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Worry’s Wild Ride – Blog Post #8

Worry’s Wild Ride

     During a particularly challenging time in my life, I was given a card that illustrated a beautiful oak tree on a hillside overlooking a stunning sunset. Below the picture were the words, “When the day is over, and you have done the best you can, await the results in peace.” In the atmosphere of stress I was in, absorbing the beauty and wisdom of that card felt like being struck by benevolent lightning. It was perhaps the first time I experienced a sweet surrender to the flow of life… seeing life not as a raging ocean against which we must battle, but rather as an adventurous river that carries us along as we gently steer ourselves around obstructions and eddies.  

     It was many years after receiving the card that I discovered the ancient origin of this profound wisdom. It is beautifully depicted in the classical, 6th Century B.C., Chinese philosophical text, the Tao Te Ching. When he wrote this short but mind-bendingly dense historical masterpiece of the Tao, Lao-Tzu repeatedly made clear that we always have sovereignty over our actions and efforts, but never over the results of those efforts. In other words, who you are and how happy you can be is not determined by outcomes. Life’s true joy and lasting fulfillment springs from simply showing up, participating, and giving of yourself. The results of your efforts will inevitably manifest in ways that are most appropriate for the world around you. And although you may want things to change quickly in certain ways, the time may not be ripe for the world to change in those ways. Realizing this is what makes the “await the results in peace” part of this wisdom possible. Loosening your death grip of attachment for specific outcomes also affords you monstrous capacity of perseverance to get up every morning and continue to “do the best you can” as the first part of that wisdom suggests. Because - even against all odds - every day that you give yourself fully to an effort or cause that you believe in creates one more tiny shift in the eventual avalanche of change. And an avalanche is comprised of nothing more than thousands of tiny shifts… all necessary in coming before the last tiny shift that actually moves the mountain.  

     Kingdoms rise and fall; political tides ebb and flow; evolution lurches forward and then reels back. Though we are all members of humanity and participants in its culture, there is a danger in becoming too self-identified with humanity’s overall progress or lack thereof. We are each sovereign souls who cannot be defined by the adjacent circus of the moment or of the millennia. We do what we can with as much compassion as we’re able to muster. But then we have a choice to either spend our lives wringing our hands in a worried frenzy, or to await the results of our efforts in peace... knowing that if the results are not good, then they are not the final results.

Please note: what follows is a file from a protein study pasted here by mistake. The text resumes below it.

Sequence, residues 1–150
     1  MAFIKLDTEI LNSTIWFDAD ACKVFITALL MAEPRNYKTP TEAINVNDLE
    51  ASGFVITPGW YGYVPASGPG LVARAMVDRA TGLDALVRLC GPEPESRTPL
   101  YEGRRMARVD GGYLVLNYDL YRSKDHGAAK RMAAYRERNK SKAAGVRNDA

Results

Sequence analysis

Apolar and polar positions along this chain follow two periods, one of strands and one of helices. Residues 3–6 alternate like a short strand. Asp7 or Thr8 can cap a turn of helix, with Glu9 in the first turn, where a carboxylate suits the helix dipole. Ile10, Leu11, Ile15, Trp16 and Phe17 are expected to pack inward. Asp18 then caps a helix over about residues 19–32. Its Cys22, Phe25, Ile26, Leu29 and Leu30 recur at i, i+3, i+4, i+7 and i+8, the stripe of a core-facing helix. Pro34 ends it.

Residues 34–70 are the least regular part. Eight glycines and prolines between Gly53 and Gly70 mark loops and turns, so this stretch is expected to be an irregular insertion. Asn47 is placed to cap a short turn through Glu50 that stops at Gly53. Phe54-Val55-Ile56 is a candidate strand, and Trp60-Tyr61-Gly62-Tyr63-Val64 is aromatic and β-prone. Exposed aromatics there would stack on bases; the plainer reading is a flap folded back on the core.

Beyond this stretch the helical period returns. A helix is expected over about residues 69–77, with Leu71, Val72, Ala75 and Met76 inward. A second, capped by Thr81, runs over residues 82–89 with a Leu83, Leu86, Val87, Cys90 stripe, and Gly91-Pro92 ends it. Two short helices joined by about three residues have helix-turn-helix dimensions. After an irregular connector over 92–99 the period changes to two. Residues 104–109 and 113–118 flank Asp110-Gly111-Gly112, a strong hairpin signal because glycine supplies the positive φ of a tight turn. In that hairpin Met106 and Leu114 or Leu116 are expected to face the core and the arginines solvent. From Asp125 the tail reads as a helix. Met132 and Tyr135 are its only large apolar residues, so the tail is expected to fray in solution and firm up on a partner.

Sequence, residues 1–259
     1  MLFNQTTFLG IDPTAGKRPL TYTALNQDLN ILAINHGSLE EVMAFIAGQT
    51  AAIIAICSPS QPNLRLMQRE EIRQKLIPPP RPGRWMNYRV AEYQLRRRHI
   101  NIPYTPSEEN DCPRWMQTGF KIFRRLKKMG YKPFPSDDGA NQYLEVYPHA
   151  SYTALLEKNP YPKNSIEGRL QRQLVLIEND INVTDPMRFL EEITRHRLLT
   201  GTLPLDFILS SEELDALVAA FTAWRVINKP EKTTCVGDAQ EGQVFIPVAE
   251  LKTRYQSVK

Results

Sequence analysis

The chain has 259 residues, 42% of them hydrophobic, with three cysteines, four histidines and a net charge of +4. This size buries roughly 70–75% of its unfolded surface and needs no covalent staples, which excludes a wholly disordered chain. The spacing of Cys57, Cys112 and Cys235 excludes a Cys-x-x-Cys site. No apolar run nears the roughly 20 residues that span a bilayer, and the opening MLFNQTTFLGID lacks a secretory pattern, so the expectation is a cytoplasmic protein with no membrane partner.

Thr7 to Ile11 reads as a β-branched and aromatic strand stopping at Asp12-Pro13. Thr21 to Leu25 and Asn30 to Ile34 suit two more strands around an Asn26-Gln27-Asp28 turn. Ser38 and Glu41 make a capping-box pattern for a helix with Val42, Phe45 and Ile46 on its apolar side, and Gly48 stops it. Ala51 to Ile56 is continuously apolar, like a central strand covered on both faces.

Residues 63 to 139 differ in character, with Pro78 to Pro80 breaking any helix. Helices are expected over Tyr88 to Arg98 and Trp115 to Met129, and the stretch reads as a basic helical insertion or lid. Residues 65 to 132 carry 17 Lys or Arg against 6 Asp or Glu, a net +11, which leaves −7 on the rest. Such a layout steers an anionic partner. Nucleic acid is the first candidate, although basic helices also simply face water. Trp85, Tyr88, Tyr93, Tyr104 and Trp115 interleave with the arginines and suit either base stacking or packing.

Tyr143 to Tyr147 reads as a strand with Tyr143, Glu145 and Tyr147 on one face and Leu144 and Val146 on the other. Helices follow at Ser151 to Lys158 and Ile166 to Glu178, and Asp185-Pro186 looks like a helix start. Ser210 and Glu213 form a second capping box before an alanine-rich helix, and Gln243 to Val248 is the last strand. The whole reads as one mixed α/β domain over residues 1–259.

Our world, life itself, and the collective evolution of experience is a physical and metaphysical tapestry of epic proportion. Our minds can’t even come close to comprehending the magnificent totality of it all, any more than science can give us definitive answers about the origin or future of this immense cosmos that we call home. But alongside the dizzying observations of trillions of galaxies and the mind-blowing theories of multiple universes – if you humbly open yourself – you will experience a feeling of connectivity to it all. You will wake up one day and see nothing around you but yourself. We are the Universe itself playing with the Universe itself. And our temporary roles in comedies, love stories, dramas, and even horrors all have purpose and meaning – far beyond what we can understand (until we grow into that understanding). Worry is a delusion of smallness and an endorsement of limitation. Growing toward an understanding of how timeless, eternal, and big we really are is the key to transcending - and eventually transforming - all smallness and limitation in our lives.      

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KNOW THYSELF – Blog Post #7